Young adults in the United States that are using cannabis and hallucinogens spiked to reach “historic highs,” according to new federal research released this week.
The data from the National Institutes of Health found that the use of both pot and hallucinogens among individuals between the ages of 19 and 30 “increased significantly in 2021 compared to five and 10 years ago,” hitting the highest levels among the age group since 1988.
“As the drug landscape shifts over time, this data provides a window into the substances and patterns of use favored by young adults. We need to know more about how young adults are using drugs like marijuana and hallucinogens, and the health effects that result from consuming different potencies and forms of these substances,” National Institute on Drug Abuse Director Nora Volkow said in a statement on Monday that accompanied the study. “Young adults are in a critical life stage and honing their ability to make informed choices. Understanding how substance use can impact the formative choices in young adulthood is critical to help position the new generations for success.”
The data is part of the NIH-sponsored “Monitoring the Future” study, which has been conducted by researchers at the University of Michigan since 1975.
The latest edition of the “MTF” study found that, in 2021, “past-year, past-month, and daily marijuana use (use on 20 or more occasions in the past 30 days) reached the highest levels ever recorded since these trends were first monitored in 1988.”
“The proportion of young adults who reported past-year marijuana use reached 43% in 2021, a significant increase from 34% five years ago (2016) and 29% 10 years ago (2011). Marijuana use in the past month was reported by 29% of young adults in 2021, compared to 21% in 2016 and 17% in 2011. Daily marijuana use also significantly increased during these time periods, reported by 11% of young adults in 2021, compared to 8% in 2016 and 6% in 2011,” the study said.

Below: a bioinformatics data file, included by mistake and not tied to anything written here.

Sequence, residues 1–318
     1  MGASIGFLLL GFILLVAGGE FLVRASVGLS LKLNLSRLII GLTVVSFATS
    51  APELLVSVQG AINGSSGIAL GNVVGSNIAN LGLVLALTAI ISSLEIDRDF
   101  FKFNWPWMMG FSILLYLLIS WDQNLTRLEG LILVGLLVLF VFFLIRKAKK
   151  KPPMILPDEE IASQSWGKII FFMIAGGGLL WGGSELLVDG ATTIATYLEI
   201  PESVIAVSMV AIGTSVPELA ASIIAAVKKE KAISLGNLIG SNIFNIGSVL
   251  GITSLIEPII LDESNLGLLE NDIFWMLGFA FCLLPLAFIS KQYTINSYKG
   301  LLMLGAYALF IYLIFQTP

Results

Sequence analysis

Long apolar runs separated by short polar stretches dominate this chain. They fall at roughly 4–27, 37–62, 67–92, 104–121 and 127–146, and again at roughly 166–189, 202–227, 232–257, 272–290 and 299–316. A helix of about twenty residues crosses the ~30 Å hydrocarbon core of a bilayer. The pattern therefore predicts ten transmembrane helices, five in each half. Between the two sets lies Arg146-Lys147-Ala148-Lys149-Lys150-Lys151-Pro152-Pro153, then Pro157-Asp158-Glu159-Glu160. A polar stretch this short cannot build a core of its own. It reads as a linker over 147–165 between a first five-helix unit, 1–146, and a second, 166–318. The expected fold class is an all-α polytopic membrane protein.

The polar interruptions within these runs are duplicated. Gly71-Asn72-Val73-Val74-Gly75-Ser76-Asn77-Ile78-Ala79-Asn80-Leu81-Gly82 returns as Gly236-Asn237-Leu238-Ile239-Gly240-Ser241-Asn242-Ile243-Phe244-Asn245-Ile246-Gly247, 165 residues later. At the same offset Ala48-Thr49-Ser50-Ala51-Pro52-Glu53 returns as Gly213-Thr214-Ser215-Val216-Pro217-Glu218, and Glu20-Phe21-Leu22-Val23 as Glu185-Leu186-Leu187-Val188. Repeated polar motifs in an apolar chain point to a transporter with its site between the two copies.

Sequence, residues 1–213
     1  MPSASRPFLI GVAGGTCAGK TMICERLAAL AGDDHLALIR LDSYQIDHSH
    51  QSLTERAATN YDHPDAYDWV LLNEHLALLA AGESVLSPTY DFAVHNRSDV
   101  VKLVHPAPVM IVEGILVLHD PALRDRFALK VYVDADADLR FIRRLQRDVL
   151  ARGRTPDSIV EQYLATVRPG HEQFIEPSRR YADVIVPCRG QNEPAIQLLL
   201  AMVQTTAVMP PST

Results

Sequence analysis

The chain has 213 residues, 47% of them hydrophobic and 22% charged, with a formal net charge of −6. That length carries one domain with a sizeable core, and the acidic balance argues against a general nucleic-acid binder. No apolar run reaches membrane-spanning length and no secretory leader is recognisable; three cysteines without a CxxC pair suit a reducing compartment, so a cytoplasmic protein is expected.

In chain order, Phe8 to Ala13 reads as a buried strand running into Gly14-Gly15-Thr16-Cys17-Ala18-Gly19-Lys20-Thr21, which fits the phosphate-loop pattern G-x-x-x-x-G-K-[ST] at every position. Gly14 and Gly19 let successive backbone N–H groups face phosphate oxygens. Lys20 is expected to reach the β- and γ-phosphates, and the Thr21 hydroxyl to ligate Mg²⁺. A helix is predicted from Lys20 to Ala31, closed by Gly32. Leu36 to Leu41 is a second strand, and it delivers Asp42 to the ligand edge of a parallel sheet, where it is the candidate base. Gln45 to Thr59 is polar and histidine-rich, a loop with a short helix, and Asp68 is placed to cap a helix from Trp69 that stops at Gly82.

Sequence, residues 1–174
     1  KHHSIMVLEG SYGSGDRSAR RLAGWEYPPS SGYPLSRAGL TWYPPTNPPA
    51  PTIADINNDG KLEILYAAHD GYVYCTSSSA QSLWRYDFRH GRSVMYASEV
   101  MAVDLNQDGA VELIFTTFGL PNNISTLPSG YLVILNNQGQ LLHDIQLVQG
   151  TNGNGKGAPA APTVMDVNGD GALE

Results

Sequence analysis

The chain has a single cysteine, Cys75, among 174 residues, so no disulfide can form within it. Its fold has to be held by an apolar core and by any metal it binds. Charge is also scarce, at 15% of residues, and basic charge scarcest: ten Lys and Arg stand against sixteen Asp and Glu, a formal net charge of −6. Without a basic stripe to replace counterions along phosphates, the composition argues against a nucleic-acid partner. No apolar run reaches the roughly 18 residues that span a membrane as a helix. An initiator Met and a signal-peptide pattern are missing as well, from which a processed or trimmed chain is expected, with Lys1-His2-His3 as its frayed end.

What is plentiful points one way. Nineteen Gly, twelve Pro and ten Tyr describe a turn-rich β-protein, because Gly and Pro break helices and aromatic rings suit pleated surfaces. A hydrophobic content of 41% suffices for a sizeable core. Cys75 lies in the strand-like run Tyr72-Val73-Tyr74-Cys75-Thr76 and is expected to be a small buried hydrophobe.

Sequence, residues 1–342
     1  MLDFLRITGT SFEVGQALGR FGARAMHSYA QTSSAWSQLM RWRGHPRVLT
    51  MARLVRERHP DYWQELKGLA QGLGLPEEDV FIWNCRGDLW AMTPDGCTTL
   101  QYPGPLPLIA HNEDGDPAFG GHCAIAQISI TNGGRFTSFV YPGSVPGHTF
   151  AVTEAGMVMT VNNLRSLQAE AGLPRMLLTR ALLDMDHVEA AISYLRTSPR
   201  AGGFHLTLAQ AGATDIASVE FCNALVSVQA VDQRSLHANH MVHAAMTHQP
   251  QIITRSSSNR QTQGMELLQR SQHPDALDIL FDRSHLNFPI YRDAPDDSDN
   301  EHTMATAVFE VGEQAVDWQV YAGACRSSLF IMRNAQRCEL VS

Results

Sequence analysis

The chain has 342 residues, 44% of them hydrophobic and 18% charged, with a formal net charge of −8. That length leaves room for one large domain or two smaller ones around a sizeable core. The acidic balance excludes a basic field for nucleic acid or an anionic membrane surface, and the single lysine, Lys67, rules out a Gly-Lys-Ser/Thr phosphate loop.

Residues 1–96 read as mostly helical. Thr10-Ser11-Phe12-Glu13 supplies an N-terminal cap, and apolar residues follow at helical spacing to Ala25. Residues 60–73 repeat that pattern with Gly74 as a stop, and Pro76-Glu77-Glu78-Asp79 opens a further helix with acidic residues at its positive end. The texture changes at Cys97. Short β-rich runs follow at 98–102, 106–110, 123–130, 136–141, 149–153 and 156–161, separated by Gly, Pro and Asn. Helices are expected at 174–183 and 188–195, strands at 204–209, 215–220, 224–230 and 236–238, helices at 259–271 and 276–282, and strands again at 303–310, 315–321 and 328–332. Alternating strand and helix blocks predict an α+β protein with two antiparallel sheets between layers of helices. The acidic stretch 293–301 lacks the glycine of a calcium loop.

The researchers said that past-year “hallucinogen use had been relatively stable over the past few decades until 2020, when reports of use started to increase dramatically.” Last year, it reached historic levels.
“In 2021, 8% of young adults reported past-year hallucinogen use, representing an all-time high since the category was first surveyed in 1988. By comparison, in 2016, 5% of young adults reported past-year hallucinogen use, and in 2011, only 3% reported use. Types of hallucinogens reported by participants included LSD, MDMA, mescaline, peyote, ‘shrooms’ or psilocybin, and PCP. The only hallucinogen measured that significantly decreased in use was MDMA (also called ecstasy or Molly), showing statistically significant decreases within one year as well as the past five years – from 5% in both 2016 and 2020 to 3% in 2021,” the study said.
The study indicated that alcohol and hallucinogens were far from the only vices that saw increased usage by young adults last year.
Binge drinking, which is defined as having five or more drinks in a row in the past two weeks, “returned to pre-pandemic levels in 2021 after significantly decreasing in 2020 (32% reported in 2021, versus 28% in 2020 and 32% in 2019),” according to the research.
Meanwhile, high-intensity drinking, which is defined as having 10 or more drinks in a row in the past two weeks,” was at its highest level since it was first measured in 2005, reported by 13% of young adults in 2021, compared with 11% in 2005,” the study said.
The study did, however, show “significant decreases in past-month cigarette smoking by young adults and non-medical use of opioid medications in the past year (surveyed as “narcotics other than heroin”) compared to 10 years ago.” Nicotine vaping, on the other hand, “increased significantly among young adults in 2021 despite leveling off in 2020 during the earlier part of the pandemic,” according to the study.